Decision today on massive house-building proposal

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Indy Politics

A decision will be made today on whether to build up to 500,000 homes in the east of England.

A decision will be made today on whether to build up to 500,000 homes in the east of England.

The East of England Regional Assembly will rule on the plans for properties stretching from Norfolk to Buckinghamshire, which the Government maintains are vital to provide affordable housing.

Most of the building would take place in corridors along the M1 and M11, with particular concentration between Peterborough and Cambridge, and around Stevenage and Milton Keynes.

However, an independent report has warned development on such a grand scale would cause environmental problems.

Consultants Levett-Therivel warned the housing problems would lead to a water crisis, pose a risk to landscapes and harm wildlife.

The plans will be ratified by the full assembly on November 5 - if the committee approves the proposals today - ahead of a public inquiry.

The Deputy Prime Minister John Prescott announced the four housing "hot spots" earlier this year at Milton Keynes in Buckinghamshire, Ashford in Kent, the Cambridge-Stansted corridor and the Thames Gateway.

The Government's aim is to provide affordable homes for key workers in the capital like teachers, nurses and firemen who have been priced out of the London market.

The proposals were criticised in August by regional council leaders who claimed hosepipe bans and severe water shortages could be a regular event for millions of families because of the housebuilding plans.

Keith Mitchell, chairman of the South East County Leaders and leader of Oxfordshire County Council, called for more money to be spent on water supply and sewage treatment to avert a crisis.

"Plans to build more than half a million new homes in the south east highlight the failure of Government housing policy," he said.

"Without more investment in water supply and sewage treatment, millions of families living in the south east risk regular hosepipe bans and severe water shortages."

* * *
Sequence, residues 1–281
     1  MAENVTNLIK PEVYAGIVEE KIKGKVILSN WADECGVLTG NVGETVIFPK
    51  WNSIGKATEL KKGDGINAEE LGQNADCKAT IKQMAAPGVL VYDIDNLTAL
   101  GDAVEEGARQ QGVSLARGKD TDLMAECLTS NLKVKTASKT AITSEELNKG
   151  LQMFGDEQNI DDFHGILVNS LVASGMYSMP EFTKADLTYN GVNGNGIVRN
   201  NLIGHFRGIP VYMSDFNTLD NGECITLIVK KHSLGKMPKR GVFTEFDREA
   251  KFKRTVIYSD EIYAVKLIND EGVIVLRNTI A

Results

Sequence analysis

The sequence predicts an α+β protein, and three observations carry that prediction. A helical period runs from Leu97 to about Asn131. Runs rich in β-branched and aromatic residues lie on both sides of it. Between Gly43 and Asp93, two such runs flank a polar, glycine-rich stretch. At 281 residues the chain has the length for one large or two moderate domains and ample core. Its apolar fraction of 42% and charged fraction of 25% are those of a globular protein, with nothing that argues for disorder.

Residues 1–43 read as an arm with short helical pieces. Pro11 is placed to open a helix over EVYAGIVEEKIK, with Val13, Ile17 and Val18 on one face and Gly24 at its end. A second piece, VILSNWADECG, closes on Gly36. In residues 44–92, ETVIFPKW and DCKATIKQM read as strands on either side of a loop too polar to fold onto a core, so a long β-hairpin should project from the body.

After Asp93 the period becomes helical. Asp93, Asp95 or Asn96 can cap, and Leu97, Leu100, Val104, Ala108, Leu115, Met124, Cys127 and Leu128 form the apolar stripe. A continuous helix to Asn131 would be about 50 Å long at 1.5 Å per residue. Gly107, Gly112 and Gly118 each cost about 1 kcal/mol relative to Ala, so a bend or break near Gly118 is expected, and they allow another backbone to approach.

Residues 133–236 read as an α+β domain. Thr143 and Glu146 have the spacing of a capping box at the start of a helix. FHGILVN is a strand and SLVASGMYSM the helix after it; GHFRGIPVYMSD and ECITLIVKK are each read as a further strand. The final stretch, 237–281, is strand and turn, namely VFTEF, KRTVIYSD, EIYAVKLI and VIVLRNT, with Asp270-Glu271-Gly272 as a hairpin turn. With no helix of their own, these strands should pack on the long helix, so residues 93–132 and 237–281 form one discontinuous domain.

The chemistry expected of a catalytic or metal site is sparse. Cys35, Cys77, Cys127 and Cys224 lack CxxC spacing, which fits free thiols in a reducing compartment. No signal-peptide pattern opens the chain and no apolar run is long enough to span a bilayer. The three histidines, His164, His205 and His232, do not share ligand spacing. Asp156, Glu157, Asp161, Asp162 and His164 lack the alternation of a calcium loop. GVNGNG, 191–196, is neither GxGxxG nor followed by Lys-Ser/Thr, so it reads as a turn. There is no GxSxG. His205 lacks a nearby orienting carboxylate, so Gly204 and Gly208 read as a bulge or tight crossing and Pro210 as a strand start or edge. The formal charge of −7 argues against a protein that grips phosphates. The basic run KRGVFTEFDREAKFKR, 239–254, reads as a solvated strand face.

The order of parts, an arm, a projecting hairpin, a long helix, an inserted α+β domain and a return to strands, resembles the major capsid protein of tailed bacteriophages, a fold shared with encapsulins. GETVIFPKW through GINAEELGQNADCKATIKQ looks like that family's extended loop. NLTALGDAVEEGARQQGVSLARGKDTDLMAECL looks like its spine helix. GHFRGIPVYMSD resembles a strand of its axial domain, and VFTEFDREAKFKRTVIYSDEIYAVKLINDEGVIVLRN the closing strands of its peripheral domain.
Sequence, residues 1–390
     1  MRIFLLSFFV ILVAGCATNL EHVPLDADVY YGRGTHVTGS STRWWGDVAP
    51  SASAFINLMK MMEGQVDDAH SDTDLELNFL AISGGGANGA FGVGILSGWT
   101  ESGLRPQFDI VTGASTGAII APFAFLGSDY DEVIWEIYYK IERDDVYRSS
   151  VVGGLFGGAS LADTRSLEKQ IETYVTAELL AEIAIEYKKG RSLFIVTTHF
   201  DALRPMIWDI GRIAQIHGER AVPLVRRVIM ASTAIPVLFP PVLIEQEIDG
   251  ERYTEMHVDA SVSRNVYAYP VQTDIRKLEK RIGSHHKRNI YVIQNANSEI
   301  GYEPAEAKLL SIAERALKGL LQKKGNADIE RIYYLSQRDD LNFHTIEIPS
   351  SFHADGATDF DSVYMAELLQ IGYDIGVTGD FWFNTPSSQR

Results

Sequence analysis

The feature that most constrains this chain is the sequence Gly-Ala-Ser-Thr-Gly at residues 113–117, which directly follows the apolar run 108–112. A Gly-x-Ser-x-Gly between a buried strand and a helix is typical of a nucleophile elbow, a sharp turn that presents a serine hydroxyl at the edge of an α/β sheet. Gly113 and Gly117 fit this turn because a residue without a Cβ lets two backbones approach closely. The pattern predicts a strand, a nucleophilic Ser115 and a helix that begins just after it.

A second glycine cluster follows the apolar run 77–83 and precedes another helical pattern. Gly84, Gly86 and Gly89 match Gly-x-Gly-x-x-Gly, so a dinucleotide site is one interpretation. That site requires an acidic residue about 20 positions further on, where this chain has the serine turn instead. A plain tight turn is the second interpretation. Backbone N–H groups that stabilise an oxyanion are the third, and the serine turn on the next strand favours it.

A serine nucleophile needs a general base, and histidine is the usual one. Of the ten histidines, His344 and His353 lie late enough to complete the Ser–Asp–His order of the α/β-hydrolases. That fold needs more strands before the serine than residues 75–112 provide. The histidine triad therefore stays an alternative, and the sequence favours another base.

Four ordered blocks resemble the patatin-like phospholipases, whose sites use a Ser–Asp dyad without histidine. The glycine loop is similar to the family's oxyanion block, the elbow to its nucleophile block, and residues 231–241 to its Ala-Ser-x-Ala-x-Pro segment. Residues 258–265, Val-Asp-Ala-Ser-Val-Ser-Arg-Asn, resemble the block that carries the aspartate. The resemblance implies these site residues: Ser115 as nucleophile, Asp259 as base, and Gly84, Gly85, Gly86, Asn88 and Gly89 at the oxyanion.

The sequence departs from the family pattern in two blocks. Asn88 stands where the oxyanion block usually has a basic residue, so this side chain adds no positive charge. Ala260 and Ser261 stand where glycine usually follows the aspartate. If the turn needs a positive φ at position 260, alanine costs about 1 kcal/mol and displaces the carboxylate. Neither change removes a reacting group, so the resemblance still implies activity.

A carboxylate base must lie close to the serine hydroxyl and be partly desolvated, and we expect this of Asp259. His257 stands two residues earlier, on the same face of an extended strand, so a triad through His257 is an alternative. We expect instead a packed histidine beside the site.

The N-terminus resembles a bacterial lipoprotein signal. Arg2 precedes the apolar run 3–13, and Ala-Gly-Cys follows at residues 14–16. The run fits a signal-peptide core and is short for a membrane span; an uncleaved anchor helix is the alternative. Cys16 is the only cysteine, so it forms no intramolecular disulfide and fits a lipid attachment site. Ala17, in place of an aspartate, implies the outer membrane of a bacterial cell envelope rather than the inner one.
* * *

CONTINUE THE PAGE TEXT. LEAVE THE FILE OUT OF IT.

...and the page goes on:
South East Counties said that housing estimates have already been increased, but policy makers are failing to get to grips with the scale of infrastructure investment required if the new homes are to be sustainable, and places where families really want to live.

Eight million people live in the south east, but it is also one of the driest regions of the UK, with an average rainfall of 600mm-900mm a year.

South East Counties research found that less than half of this rainfall recharges water resources, leaving the south east (58,000 gallons/266,000 litres per head) with less water per head than Syria (95,000 gallons/434,000 litres per head).

Using publicly available figures, the South East Counties calculate that families living in the proposed 500,000 new homes will create new demand, every day, equivalent to more than 2.5 times the supply from Bewl Water.

Agencies and authorities preparing the South East Plan have already acknowledged that public water supplies are at critical levels, with demand close to exceeding supply.

Preliminary modelling by the Environment Agency predicts the environment will come under great pressure and many customers will face water restrictions without new sources of water, or significant changes in consumption.